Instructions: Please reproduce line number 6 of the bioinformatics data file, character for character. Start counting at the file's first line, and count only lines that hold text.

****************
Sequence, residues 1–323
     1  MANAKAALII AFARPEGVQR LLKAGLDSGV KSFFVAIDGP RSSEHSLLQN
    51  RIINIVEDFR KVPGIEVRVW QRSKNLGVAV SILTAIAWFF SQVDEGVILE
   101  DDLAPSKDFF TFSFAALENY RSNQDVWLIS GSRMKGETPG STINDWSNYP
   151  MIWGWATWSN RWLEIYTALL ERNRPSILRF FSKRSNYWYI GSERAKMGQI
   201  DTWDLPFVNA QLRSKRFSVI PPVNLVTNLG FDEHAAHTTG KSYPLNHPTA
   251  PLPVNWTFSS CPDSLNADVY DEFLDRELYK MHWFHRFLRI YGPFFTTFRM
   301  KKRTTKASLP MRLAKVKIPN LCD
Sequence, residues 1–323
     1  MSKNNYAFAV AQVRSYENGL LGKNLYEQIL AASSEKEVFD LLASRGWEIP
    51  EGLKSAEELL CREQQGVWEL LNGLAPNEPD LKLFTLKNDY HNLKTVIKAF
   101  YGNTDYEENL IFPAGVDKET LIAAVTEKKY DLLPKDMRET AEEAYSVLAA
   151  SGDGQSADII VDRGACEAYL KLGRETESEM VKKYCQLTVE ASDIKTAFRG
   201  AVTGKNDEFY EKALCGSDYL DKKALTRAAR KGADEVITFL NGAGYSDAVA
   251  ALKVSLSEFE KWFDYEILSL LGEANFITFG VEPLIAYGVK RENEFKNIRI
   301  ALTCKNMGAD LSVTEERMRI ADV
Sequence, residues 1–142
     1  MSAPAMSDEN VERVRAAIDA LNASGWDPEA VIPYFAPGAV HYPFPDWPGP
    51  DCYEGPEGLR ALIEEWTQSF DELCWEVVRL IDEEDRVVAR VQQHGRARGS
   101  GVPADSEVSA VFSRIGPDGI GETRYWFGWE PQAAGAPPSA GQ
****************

   201  DTWDLPFVNA QLRSKRFSVI PPVNLVTNLG FDEHAAHTTG KSYPLNHPTA